This month’s entry in our TheyAreAnimators series really puts the focus on the “they”, as we talk all things animation with not one, but three talented filmmakers. The Moth Collective is a London-based award-winning animation/illustration collective set up by three graduates of the Royal College of Art. ‘Mothsters’ Dan, Dave and Margot join us to talk working as a collective, studying at the RCA, the buzz of screening in front of a festival audience and being persistent like moths.
MARGOT: There are three of us, David Prosser, Daniel Chester and Marie-Margaux Tsakiri-Scanatovits. We all met at the Royal College of Art in 2008, where we did an MA in Animation. Since then we knew that we had the same interests within the field and that drawing was very important to our work. Daniel and Dave worked on a music video together for NinjaTune while at the RCA, and as they enjoyed working together they decided to keep collaborating after graduation. They asked me if I was interested in joining them as a collective, and that was how Moth was born.
It is very inspiring to work next to such talented people, as it brings your work into a certain perspective. You realise there is a certain standard you need to achieve, and thus you work with that in mind, even after you graduate. What was great about that course is how much we learned from each other and how much we helped each other too, with our individual projects. What is great nowadays is that we still chose to work together, as we have built a relationship not only of friendship, but also of trust.
“From the beginning we wanted to be ‘Moth Collective’ rather than a set of directors working under one roof”
DANIEL: Directing duties is really something that differs from project to project. The most important thing is that we always come together right at the start of the project and go through all those pre-production processes as a team, and from then on its more a case of someone taking on a role that is most suited for that particular piece. From the beginning we wanted to be ‘Moth Collective’ rather than a set of directors working under one roof, which I think gives us a lot of flexibility and brings interesting projects our way. In terms of skills and approaches we are all actually pretty similar. This means we can easily float between roles and produce work that is collaborative in design and technique. Of course what makes it interesting is the little differences we have and can bring to a project, sharing creative control isn’t always natural for an animation director, so that’s something you really have to nurture in a collective like this.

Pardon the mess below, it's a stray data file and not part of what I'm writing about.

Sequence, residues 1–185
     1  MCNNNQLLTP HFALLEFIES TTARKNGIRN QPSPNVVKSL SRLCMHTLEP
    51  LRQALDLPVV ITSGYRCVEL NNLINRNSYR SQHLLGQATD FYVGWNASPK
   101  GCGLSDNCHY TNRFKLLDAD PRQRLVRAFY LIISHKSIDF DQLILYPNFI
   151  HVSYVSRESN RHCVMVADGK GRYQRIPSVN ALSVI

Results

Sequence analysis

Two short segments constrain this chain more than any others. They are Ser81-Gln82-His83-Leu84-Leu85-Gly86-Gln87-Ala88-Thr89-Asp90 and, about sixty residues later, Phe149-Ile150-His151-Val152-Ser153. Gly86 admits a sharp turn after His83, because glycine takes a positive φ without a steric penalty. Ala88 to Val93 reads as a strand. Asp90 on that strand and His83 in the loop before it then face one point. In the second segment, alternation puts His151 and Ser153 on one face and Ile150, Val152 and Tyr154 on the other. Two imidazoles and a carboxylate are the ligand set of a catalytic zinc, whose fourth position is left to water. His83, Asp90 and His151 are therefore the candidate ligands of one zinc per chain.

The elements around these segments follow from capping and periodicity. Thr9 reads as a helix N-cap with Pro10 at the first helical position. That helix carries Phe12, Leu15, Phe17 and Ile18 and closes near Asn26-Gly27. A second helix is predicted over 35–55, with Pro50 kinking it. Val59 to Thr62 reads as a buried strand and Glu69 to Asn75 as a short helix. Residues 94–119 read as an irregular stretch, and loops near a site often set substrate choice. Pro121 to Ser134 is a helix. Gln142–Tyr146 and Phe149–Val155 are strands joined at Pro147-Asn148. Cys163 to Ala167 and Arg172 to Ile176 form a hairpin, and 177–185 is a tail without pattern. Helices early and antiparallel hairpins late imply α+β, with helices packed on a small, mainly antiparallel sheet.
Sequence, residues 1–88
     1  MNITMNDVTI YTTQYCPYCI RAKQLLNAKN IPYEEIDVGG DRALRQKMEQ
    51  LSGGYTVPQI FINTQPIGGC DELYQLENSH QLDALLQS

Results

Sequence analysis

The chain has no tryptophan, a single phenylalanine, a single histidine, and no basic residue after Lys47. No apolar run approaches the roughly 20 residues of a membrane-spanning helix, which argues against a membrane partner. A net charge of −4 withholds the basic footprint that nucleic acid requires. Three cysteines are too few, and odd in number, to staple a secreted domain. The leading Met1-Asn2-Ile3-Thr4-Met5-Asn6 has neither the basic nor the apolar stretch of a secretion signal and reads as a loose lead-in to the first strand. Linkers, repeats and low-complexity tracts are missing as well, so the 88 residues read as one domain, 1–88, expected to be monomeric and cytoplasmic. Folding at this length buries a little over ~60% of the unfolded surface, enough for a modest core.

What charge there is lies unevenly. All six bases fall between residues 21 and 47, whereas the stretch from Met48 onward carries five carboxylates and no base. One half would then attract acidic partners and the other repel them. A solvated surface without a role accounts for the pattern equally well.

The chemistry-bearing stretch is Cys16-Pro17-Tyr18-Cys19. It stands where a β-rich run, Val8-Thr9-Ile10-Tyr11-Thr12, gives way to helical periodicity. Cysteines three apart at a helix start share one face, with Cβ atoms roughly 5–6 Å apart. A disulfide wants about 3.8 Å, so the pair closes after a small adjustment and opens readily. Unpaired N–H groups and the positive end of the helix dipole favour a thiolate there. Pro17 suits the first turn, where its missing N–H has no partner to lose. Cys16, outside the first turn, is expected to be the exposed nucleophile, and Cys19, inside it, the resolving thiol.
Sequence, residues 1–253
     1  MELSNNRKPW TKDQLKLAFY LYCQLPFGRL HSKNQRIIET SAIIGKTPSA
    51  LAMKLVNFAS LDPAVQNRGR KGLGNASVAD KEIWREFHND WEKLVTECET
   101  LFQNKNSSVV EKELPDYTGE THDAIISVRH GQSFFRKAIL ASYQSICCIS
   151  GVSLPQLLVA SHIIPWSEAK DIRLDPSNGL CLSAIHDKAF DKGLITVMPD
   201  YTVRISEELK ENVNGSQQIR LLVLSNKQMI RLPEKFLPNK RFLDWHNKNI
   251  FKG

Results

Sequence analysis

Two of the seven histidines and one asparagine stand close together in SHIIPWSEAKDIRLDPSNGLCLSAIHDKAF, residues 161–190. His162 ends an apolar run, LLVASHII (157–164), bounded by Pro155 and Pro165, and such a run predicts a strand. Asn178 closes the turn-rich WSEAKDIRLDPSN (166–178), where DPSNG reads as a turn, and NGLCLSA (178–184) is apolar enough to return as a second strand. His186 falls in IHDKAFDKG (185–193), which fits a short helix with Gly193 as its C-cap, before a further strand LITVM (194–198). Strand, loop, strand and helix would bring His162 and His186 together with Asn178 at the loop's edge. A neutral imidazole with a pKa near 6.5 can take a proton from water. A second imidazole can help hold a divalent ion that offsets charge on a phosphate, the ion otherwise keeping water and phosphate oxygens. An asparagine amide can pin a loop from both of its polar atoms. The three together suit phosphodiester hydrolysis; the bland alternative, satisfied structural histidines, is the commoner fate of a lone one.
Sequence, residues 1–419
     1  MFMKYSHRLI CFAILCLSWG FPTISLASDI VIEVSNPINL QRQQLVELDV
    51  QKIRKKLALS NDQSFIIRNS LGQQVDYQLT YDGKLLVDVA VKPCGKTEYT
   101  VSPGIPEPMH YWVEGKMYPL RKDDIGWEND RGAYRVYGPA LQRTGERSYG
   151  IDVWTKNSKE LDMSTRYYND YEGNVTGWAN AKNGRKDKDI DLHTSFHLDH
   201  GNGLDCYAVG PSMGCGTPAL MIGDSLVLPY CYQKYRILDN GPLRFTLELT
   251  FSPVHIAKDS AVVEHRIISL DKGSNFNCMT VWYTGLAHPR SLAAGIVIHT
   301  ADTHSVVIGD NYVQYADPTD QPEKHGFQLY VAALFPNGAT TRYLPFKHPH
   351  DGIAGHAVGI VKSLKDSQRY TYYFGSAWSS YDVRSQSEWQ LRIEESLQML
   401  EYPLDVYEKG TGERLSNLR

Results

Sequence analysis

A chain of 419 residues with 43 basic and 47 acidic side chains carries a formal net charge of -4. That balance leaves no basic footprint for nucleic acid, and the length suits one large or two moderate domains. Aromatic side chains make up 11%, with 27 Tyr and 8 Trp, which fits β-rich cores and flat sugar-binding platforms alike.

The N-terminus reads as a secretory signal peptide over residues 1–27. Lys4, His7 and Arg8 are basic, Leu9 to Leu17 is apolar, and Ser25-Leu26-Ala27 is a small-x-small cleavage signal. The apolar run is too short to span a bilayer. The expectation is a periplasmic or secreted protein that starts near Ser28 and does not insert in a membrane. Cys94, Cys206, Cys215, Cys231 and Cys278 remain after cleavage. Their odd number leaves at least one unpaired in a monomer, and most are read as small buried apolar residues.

DAVE: I came in sideways. While studying a degree in illustration I was encouraged by our visiting lecturers, LE GUN collective, to start making my drawings into sequential narratives. These became books which in turn became a final year animation, and then I was off! I never quite had that obsessive comic book nurturing that animators often have, I did however have a healthy obsession with the Beano. I’m doing a lot of catching up these days…
DANIEL: After deciding I wouldn’t pursue palaeontology or politics, animation just seemed like the perfect form to spew out anything and everything. It was something that had always occupied some remote corner of my mind, so once I grew out of the idea it was just for making cool explosions and I realised that you could explore narrative and aesthetics in a very personal way, I was set.
DAVE: The RCA was a special place to study and attracts some very talented people. Working in such an intense environment over two years you make some dear friends and learn a lot from the students – more so in some cases than from the tutors. You grow up quick there. What’s inspirational is that we can continue the working environment established at the RCA via Moth, continue seeking the advice from friends and share in the successes of our contemporaries.
MARGOT: I was always a big fan of Disney movies and metro Goldwyn Mayer Cartoons as a child, and although I knew I wanted to be part of this I didn’t quite understand how it was made, until I watched a ‘making of’ in the end of the Lion King tape I had. I saw them flipping a stack of paper and Mufasa coming to life, and other animators going to the zoo to do studies of meerkats. So I knew it was something I would enjoy. Later in life I realised it was just a great way of combining my interest in drawing and my interest in story telling at the same time.
“I think my greatest inspirations are my closest friends. I always admire what they are producing and it is what pushes me to work harder”